" Smash has everything it needs to be a wonderful series – the cast is great ..."
Albeit the supposedly intriguing theme of dramas going on behind the scenes of a Broadway musical production I've honestly found it really difficult to connect with this series and found myself exhausted following each episode. This is probably mainly due to issues that are related to the production itself - the rapid, and peculiar transitions between scenes does not let you really engage in getting to know the characters a little more, which leaves them painfully flat. Furthermore, characters encompass little, or no complexity at all, and mostly acts as stereotypical expected of them (Ivy is a bitchy blonde bombshell who secretly believes she's never good enough, Karen, the innocent wide-eyed inexperienced girl too proud to have anyone help her, just to name the leading ladies).

"...the music includes larger-than-life Broadway tunes, and New York City as its background. "
The swiftness by which the series producers decided to raffle through the different story lines leaves the viewer (in this case, me) puzzled about the importance of it all – the plot spreads itself so thin that the story just can't hold together. It would have been nice to have longer or at least somewhat related scenes follow each other and less side stories. By doing that, the series' writers could intensify the viewers' understanding of the plot, the characters and their inner conflicts thus making the series more enjoyable. Additionally, lacking a clear leading character, an anchor around which the plot revolves leaves the viewer wondering who should they keep their focus on – the musical producers, each with their own dilemmas and hidden skeletons, the contenders for the role of Marilyn? Is it the producer's pesky assistant? Or have we missed the mark altogether and we are supposed to watch some Marilyn Monroe classic instead?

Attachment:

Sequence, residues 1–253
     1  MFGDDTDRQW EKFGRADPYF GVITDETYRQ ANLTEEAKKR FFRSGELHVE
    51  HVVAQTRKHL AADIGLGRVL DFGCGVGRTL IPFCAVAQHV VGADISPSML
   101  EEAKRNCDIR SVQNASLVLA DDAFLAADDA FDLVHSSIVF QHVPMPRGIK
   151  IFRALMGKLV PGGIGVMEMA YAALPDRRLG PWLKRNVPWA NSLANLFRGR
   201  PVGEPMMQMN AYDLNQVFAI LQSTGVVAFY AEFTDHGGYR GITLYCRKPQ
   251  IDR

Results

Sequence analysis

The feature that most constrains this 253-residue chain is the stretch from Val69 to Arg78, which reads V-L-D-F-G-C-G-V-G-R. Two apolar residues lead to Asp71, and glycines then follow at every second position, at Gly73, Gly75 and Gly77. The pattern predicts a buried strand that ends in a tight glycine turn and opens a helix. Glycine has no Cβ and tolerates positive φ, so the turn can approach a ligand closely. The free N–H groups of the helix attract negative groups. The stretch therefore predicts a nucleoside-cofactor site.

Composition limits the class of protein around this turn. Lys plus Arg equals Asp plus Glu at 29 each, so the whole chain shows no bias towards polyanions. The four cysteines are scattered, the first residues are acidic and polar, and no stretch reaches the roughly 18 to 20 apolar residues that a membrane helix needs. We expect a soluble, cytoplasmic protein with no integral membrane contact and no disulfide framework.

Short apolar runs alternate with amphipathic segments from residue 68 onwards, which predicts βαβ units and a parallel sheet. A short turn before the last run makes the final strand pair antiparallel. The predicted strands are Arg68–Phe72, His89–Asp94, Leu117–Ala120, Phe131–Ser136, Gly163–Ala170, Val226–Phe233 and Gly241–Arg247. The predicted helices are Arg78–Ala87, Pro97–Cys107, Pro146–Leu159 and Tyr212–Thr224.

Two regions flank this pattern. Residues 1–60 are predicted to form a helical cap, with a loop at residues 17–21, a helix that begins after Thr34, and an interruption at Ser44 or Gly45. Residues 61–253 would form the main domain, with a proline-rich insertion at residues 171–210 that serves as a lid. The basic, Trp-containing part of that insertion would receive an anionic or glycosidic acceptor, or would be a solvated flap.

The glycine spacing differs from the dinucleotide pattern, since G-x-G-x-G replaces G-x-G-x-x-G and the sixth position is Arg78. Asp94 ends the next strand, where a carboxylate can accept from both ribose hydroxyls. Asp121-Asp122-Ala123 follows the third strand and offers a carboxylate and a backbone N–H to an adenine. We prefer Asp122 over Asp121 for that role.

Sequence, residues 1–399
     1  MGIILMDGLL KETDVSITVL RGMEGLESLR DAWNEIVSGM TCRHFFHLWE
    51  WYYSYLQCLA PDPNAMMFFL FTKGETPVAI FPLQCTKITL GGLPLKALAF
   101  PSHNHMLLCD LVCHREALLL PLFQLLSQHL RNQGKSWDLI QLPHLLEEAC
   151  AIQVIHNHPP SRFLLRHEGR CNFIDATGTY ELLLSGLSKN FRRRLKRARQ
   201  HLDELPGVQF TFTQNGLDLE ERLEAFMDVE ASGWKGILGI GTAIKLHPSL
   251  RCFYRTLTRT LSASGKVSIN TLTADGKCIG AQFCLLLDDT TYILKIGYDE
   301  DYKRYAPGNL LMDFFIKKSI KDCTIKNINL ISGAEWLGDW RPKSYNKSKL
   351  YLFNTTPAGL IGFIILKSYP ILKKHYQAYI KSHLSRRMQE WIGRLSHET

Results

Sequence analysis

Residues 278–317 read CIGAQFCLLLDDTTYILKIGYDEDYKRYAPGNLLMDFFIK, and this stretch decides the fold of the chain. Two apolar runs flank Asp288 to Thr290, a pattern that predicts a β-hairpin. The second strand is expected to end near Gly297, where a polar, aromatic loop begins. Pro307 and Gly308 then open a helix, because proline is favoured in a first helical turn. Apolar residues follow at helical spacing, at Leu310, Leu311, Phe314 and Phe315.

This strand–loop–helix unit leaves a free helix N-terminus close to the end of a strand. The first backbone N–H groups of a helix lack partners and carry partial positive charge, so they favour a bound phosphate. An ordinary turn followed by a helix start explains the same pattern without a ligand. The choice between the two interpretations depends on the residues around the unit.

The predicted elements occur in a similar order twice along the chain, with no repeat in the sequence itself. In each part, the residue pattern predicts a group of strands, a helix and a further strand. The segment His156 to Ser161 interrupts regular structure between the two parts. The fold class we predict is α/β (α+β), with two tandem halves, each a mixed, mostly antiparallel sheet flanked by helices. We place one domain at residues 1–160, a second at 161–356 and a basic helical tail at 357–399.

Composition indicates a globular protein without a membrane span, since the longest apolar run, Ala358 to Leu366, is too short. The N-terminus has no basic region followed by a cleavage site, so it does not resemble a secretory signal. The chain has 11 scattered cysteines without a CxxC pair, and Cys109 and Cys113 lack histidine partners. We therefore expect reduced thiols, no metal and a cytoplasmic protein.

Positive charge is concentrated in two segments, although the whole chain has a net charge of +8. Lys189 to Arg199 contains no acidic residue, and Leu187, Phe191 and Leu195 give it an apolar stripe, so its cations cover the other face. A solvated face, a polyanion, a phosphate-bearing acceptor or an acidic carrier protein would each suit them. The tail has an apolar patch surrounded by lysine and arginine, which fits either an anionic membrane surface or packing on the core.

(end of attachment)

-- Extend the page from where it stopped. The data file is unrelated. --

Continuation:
"...leaves the viewer wondering who should they keep their focus on?"
Smash will not get another chance to make an impression on me. I believe I have given it enough opportunities to prove itself as the musical drama I wished it would be. It is quite disappointing to see such great potential goes to waste. 

With Much Respect,

Tuesday, January 31, 2012

Allods Online – Game Review

As online gaming goes there are many genres, from the basic 2D platform games to the 3D shooters, from the fantasy based games to the sci-fi futuristic scenes and of course there are the online strategy games spanning from all times, myths and bizarre ideas.

What most people might don’t know is that at these days a growing trend of the companies that develops the games is: “The game is free to play! But if the player wants he/she can purchase with real money more features and unique perks”.